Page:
The lighting of a ceremonial diya at the B.C. Legislature on Wednesday, Nov. 7, 2018. (Keri Coles photo)

The lighting of a ceremonial diya at the B.C. Legislature on Wednesday, Nov. 7, 2018. (Keri Coles photo)

COLUMN: Celebrating and understanding Diwali, Bandi Chhor Divas and Gurpurab

North Delta resident Mandip Kharod-Clark helps readers learn more about these important celebrations

By Mandip Kharod-Clark, special to the North Delta Reporter

As we begin to think of Christmas and a second holiday season in a COVID-19 world, one thing is certain: celebrations have rarely felt more important. After a long 20 months of restrictions, guidelines and ever-changing recommendations, finding safe ways to connect with community is priority number one for many.

On Thursday, Nov. 4, you may find neighbours lighting candles, decorating their windows and some even setting off fireworks in celebration of Diwali.

Popularly known as the “Festival of Lights,” Diwali is widely celebrated by people of many faiths, including Jains, Sikhs, Hindus and some Buddhists. The word Diwali comes from the Sanskrit word deepavali, meaning “rows of lighted lamps.” It’s a five-day multi-faith festival marking the start of an auspicious new year.

While some may celebrate all five days, the majority will focus their attention on a few main days and a few key practices. Homes are cleaned, new dishes are purchased in hopes of welcoming good fortune, new clothes and sweet treats are exchanged, and bright decorations — predominantly clay lamps and candles — are scattered around the house, on window sills and by the front door.

While the celebratory practices are similar, each religion marks this occasion for slightly different reasons. The Sikh community actually celebrates Bandi Chhor Divas on Nov. 4. Literally translated as “Prisoner Release Day,” this is one of the most important festivals for the Sikh community.

It commemorates the return of Guru Harbobind Singh Ji, the sixth guru, to the holy city of Amritsar after being released from wrongful imprisonment by the Mughal Emperor Jahangir. Candles are lit as a symbol of hope and guidance, of light over darkness.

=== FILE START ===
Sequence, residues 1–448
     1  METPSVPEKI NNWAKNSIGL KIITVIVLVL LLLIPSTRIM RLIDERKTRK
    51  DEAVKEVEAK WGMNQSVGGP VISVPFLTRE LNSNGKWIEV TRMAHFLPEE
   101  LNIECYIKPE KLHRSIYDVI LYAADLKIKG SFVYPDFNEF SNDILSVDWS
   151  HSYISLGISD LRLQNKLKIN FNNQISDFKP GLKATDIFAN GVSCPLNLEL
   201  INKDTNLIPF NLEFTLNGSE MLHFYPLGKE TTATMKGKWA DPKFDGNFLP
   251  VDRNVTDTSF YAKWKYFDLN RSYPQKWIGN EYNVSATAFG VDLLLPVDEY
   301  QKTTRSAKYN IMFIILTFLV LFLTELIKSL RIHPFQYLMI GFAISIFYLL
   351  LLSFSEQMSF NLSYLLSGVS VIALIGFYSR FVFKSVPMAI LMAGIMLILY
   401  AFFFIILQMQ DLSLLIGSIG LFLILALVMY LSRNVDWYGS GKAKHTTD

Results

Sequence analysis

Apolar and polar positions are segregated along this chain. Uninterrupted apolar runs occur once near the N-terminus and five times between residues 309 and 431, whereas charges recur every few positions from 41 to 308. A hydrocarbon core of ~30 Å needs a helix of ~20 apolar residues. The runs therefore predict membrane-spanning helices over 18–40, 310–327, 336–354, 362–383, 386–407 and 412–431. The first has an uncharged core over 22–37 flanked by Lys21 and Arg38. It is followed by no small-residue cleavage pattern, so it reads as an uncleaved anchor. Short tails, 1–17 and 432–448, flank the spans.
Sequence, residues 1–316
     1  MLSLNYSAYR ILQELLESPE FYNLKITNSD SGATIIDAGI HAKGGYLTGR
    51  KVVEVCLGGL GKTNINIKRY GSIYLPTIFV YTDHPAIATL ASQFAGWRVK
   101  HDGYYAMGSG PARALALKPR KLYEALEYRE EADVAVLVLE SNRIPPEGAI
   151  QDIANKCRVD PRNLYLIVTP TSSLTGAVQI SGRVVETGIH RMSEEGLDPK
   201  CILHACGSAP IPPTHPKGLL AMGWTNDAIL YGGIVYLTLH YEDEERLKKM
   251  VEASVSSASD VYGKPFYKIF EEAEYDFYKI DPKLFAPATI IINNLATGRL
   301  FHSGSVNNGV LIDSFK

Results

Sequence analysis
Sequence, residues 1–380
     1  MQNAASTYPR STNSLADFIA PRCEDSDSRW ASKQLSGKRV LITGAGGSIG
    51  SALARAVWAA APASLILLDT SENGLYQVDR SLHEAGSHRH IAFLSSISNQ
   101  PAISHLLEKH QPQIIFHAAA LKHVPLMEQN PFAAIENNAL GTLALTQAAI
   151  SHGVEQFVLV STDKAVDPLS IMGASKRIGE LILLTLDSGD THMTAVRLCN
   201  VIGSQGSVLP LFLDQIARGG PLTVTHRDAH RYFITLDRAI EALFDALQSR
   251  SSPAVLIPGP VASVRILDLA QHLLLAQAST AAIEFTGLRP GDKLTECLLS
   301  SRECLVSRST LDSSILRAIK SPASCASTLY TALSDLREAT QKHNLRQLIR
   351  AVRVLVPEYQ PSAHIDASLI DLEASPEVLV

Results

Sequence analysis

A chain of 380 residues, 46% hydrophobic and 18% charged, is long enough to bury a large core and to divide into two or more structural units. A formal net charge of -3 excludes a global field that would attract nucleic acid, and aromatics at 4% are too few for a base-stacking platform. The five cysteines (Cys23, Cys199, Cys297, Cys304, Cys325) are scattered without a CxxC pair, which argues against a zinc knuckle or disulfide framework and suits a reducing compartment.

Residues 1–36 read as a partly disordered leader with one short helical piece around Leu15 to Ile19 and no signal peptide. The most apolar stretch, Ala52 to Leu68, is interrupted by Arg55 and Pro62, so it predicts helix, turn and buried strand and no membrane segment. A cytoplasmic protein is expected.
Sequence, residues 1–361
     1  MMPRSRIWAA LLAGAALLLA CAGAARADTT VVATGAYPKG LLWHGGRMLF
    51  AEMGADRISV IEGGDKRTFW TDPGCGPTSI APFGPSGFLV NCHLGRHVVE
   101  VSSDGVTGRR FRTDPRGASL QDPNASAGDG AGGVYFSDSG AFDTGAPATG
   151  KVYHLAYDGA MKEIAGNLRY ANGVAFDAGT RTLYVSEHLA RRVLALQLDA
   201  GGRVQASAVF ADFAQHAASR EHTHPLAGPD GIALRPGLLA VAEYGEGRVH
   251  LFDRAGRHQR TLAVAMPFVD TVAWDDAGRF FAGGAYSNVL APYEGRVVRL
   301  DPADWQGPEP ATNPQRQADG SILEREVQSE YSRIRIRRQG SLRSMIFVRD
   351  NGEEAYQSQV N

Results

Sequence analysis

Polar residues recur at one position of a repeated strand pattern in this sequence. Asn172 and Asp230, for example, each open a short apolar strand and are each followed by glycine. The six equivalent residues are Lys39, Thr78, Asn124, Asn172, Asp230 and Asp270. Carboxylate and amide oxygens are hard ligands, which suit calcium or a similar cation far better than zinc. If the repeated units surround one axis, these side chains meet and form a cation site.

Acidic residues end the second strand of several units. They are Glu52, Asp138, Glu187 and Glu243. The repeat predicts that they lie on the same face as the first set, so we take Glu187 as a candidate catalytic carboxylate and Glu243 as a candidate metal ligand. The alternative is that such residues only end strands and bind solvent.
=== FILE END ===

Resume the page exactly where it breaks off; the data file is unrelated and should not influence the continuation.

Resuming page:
The history behind this festival is that Guru Hargobind was arrested and imprisoned in Gwalior Fort by Jahangir because the fine imposed on his father was not paid. Around 1619, Guru Hargobind was released from jail after twelve years of imprisonment but refused to leave without 52 Hindu kings who were being held as political prisoners. Jahangir agreed to release as many as were able to hold onto the guru’s robe, and for this reason Guru Ji had a special robe made with 52 tails, allowing him to take all 52 unjustly imprisoned kings with him.

In spirit and practice, Bandi Chhor Divas celebrations resemble Diwali festivities as the theme is one of good over evil.

Later this month — on Friday, Nov. 21 — the Sikh community will be celebrating the Gurpurab of Guru Nanak Dev Ji, the founder of the Sikh religion. “Gurpurab” is made of two words — “Gur”, which means guru or master, and “Purab” (or Parva in Sanskrit), which means festival or celebration.

Gurpurab is the day dedicated to Guru Nanak Dev Ji and is a mixture of the religious and the festive. While the date varies from year to year according to the lunar Indian calendar, it is one of the most sacred festivals in Sikhism, and this year marks the 552nd anniversary of Guru Nanak Dev Ji’s birth.

According to the Shiromani Gurudwara Parbandhak Committee (SGPC), Guru Nanak Sahib was born on 15th April, 1469 in what is now Pakistan. During these celebrations, the Guru Granth Sahib, the holy religious scripture, is read through in its entirety both in private homes and in gurdwaras, in a single continuous ceremony lasting 48 hours. This reading, called an Akhand Path, must be completed without interruption and is often completed by a team of Sikh men and women, each reading for two to three hours. It begins two days before his birthday and ends early on the morning of the birthday.

Once completed, Karah Parsaad, a sweet tasting food that has been blessed, is served. Karah Parsaad is made from semolina or wheat flour, sugar and ghee. Once eaten, the congregation shares a communal meal, known as langar, in the community kitchen. The idea behind this lunch is that everyone, irrespective of gender, caste or class, is offered the same food in the spirit of seva (service).

As with other communities of faith around the world, Sikh festivals are incredibly important as they bring people together to celebrate kindness and the triumph of good over evil. These celebrations are more joyous when shared, so reach out to your neighbours and join in the festivities this holiday season.

Mandip Kharod-Clark is a North Delta resident and writes monthly for the North Delta Reporter.

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